Hi does anyone have a suggestion for how to model tool steel at failure. The structural materials I usually work with tend to fail plastically and so I would use a quasi-plastic approach to find the capacity but that doesn’t feel valid for something like 1.2379 at 59 hrc (That is D2 for Americans) it has a super high yield around 2000MPa, ultimate failure follows close to that obviously.
I am not sure calculix has an element for this? Many years ago I worked on an analysis for Boeing modeling seat track attachments and in Abaqus we used some sort of explicit analysis to model the metal disappearing as it failed. It correlated really nicely in testing but I don’t have the details (they didn’t like it when you took stuff like that home)
Abaqus offers various damage initiation and evolution criteria along with material deletion. One of the most common models for high speed explicit dynamics (such as impact analyses) is Johnson-Cook plasticity with strain rate dependence and failure. I’ve seen some work on that in CalculiX GitHub repository at the beginning of this year. Anyway, for now there’s not much you can do when it comes to such advanced material models apart from using subroutines like umat.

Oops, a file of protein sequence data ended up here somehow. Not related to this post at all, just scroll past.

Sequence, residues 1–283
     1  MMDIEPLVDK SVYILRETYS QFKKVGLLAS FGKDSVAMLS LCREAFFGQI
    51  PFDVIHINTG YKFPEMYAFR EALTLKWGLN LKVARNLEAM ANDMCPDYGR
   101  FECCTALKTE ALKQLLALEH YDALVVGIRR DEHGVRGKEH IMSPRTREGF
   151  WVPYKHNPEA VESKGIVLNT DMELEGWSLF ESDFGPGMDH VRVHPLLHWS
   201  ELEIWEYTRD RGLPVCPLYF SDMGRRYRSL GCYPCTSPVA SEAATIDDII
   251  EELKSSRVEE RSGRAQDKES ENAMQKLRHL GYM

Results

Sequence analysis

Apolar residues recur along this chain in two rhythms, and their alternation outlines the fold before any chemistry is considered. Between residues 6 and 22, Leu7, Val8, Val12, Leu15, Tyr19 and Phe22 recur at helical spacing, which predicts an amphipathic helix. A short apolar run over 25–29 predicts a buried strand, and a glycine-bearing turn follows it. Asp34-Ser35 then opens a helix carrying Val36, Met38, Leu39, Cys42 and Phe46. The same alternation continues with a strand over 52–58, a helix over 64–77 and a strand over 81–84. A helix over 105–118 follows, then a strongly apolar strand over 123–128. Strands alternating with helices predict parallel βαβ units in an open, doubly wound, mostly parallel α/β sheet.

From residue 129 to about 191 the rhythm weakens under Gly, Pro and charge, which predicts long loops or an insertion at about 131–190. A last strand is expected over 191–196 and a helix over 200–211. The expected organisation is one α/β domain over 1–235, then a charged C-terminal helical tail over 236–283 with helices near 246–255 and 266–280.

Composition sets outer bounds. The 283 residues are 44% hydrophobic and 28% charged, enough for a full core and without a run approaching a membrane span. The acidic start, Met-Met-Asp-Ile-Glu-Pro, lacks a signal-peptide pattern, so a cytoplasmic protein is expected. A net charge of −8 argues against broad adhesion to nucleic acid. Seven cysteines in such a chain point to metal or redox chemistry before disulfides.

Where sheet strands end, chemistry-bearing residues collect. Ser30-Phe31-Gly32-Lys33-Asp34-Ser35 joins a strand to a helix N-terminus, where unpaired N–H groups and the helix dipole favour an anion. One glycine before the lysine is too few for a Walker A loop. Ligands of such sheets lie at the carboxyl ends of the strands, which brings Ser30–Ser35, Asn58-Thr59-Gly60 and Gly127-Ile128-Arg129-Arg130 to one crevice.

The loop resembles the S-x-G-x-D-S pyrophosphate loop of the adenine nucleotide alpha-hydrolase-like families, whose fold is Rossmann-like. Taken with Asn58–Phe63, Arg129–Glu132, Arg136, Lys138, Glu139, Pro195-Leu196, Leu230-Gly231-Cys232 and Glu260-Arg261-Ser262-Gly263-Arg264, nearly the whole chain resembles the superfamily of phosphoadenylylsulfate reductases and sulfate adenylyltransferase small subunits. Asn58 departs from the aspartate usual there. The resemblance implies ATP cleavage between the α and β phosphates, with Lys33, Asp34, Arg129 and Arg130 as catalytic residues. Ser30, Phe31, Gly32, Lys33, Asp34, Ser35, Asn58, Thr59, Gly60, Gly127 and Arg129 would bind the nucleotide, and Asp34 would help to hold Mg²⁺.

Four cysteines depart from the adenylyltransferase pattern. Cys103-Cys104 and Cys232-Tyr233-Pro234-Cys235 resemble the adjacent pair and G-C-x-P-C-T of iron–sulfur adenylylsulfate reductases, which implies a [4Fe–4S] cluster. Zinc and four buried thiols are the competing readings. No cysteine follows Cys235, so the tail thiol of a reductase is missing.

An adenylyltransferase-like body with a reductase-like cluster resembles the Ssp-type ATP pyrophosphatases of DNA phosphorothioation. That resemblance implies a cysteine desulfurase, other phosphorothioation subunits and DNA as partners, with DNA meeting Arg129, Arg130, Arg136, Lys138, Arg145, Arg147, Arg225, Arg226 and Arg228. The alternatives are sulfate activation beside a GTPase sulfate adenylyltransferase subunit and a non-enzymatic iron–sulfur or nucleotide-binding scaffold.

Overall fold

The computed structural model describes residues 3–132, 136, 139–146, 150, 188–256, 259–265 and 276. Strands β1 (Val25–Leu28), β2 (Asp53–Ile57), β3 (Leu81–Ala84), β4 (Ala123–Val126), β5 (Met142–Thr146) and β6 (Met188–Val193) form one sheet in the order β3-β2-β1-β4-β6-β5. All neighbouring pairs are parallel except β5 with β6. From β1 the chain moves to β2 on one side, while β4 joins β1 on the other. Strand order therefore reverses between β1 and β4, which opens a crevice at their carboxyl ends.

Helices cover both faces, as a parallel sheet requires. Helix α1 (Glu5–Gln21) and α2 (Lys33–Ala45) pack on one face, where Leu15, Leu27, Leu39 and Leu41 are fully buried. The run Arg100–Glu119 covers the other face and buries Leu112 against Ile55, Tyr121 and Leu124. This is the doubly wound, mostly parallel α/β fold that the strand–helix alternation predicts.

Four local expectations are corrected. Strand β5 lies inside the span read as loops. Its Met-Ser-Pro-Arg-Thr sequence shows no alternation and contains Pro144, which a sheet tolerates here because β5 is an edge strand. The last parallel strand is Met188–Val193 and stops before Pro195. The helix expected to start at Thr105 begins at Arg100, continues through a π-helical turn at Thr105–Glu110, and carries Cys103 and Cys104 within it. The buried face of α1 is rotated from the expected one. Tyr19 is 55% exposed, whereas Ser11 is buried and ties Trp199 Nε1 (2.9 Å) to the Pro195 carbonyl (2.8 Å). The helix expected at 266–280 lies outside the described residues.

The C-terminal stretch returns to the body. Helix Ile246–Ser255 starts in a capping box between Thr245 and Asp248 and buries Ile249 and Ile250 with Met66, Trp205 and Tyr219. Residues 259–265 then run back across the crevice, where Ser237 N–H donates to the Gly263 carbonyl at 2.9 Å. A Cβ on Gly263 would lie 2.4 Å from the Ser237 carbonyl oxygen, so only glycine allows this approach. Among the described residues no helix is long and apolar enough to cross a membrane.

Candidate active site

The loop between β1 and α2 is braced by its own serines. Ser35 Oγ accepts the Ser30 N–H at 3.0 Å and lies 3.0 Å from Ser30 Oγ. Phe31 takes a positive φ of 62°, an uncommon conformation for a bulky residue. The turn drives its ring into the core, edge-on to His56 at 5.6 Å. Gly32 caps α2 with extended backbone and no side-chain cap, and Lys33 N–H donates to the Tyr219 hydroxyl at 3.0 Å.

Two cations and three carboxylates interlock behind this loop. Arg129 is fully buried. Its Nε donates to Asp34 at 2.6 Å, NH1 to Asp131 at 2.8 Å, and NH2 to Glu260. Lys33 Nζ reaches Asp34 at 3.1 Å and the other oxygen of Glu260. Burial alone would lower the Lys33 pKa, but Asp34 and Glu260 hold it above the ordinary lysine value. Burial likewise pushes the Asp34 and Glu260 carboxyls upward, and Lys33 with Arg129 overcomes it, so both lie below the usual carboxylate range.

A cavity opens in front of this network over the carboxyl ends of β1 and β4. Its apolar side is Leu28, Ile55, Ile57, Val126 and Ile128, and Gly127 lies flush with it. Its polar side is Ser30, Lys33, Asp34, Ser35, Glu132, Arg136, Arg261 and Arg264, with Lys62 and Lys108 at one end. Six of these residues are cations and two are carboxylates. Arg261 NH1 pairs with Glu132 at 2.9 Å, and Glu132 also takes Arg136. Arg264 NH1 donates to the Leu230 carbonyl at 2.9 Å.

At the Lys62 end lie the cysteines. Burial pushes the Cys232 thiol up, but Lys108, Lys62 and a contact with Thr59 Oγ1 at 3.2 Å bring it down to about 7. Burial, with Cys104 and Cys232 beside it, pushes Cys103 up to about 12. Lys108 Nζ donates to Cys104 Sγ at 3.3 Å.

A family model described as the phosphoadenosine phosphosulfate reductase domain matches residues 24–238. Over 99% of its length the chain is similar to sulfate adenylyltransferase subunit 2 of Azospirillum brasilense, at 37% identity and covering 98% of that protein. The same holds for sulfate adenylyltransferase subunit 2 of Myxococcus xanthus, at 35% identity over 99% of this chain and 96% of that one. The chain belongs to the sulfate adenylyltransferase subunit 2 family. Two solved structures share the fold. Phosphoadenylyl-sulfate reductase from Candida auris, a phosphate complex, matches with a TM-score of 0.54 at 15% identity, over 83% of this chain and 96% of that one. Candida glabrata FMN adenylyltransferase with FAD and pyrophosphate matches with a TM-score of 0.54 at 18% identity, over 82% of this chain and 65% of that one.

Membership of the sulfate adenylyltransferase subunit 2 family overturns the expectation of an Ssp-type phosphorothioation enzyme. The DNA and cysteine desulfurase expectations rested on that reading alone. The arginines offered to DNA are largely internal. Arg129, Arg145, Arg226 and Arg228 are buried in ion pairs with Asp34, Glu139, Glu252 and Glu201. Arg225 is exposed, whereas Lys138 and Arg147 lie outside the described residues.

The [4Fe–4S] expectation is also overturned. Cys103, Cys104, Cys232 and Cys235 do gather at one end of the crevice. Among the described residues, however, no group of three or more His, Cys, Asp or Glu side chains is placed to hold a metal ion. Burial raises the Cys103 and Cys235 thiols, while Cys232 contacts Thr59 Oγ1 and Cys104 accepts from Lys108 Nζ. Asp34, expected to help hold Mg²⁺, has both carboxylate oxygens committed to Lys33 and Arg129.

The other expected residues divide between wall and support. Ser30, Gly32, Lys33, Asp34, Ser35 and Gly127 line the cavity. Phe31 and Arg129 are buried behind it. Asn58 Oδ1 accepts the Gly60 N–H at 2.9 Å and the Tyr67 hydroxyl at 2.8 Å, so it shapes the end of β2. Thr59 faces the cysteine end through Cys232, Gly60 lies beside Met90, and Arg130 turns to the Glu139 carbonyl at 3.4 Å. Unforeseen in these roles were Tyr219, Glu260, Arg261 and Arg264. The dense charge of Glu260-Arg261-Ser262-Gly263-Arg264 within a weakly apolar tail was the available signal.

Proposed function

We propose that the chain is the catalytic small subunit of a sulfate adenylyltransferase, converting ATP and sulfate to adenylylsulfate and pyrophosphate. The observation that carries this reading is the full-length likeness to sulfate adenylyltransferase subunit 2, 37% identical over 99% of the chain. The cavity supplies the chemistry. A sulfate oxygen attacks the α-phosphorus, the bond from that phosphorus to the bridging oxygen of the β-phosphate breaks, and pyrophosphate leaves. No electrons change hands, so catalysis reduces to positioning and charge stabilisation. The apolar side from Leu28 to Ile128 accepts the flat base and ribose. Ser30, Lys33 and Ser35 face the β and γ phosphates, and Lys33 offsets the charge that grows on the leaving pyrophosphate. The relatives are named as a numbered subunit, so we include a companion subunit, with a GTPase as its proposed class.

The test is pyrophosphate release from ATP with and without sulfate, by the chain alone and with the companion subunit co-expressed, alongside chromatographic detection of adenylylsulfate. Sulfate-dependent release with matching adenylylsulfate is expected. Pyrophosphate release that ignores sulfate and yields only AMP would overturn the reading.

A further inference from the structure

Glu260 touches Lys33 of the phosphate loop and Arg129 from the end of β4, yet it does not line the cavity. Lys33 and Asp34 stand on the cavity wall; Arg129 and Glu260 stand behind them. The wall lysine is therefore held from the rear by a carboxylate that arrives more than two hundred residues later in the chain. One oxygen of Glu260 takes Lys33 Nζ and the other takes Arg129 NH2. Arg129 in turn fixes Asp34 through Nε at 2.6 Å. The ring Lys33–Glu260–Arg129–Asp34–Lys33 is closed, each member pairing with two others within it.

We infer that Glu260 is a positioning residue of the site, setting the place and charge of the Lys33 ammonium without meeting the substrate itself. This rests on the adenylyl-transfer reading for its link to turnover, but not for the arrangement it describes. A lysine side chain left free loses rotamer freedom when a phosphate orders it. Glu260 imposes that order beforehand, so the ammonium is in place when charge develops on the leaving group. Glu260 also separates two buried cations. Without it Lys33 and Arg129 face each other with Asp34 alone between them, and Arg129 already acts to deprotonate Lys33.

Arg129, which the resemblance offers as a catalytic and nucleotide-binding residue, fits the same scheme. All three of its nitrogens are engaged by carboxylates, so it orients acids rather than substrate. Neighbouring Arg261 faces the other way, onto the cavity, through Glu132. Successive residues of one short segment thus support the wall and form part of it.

What about a bilinear plasticity with zero tangent Modulus?. If the problem is force driven it typically fail at the ultimate strength point.
Convergence failure, which is typically seen as a problem, can be an indicator of material rupture.
These material models is available trough MFront CalculiX integration, however it may have some limitation. For high strain rate effect due to impact load, Johnson Cook model can be use but no damage failure is consider. In case of ductile failure material models, Gurson–Tvergaard–Needleman is available but it seems limited to quasi static load only.